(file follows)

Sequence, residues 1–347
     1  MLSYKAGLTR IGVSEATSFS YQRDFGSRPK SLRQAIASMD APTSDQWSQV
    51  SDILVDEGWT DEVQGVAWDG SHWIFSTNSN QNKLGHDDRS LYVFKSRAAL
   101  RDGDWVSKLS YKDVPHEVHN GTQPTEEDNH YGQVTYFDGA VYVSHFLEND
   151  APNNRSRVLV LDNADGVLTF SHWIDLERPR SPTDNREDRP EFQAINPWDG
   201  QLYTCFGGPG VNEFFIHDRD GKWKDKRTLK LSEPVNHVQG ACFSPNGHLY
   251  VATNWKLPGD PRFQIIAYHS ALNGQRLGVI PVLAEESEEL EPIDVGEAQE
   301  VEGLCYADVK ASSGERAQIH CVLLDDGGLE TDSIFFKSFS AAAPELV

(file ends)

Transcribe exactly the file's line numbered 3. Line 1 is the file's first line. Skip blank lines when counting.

    51  SDILVDEGWT DEVQGVAWDG SHWIFSTNSN QNKLGHDDRS LYVFKSRAAL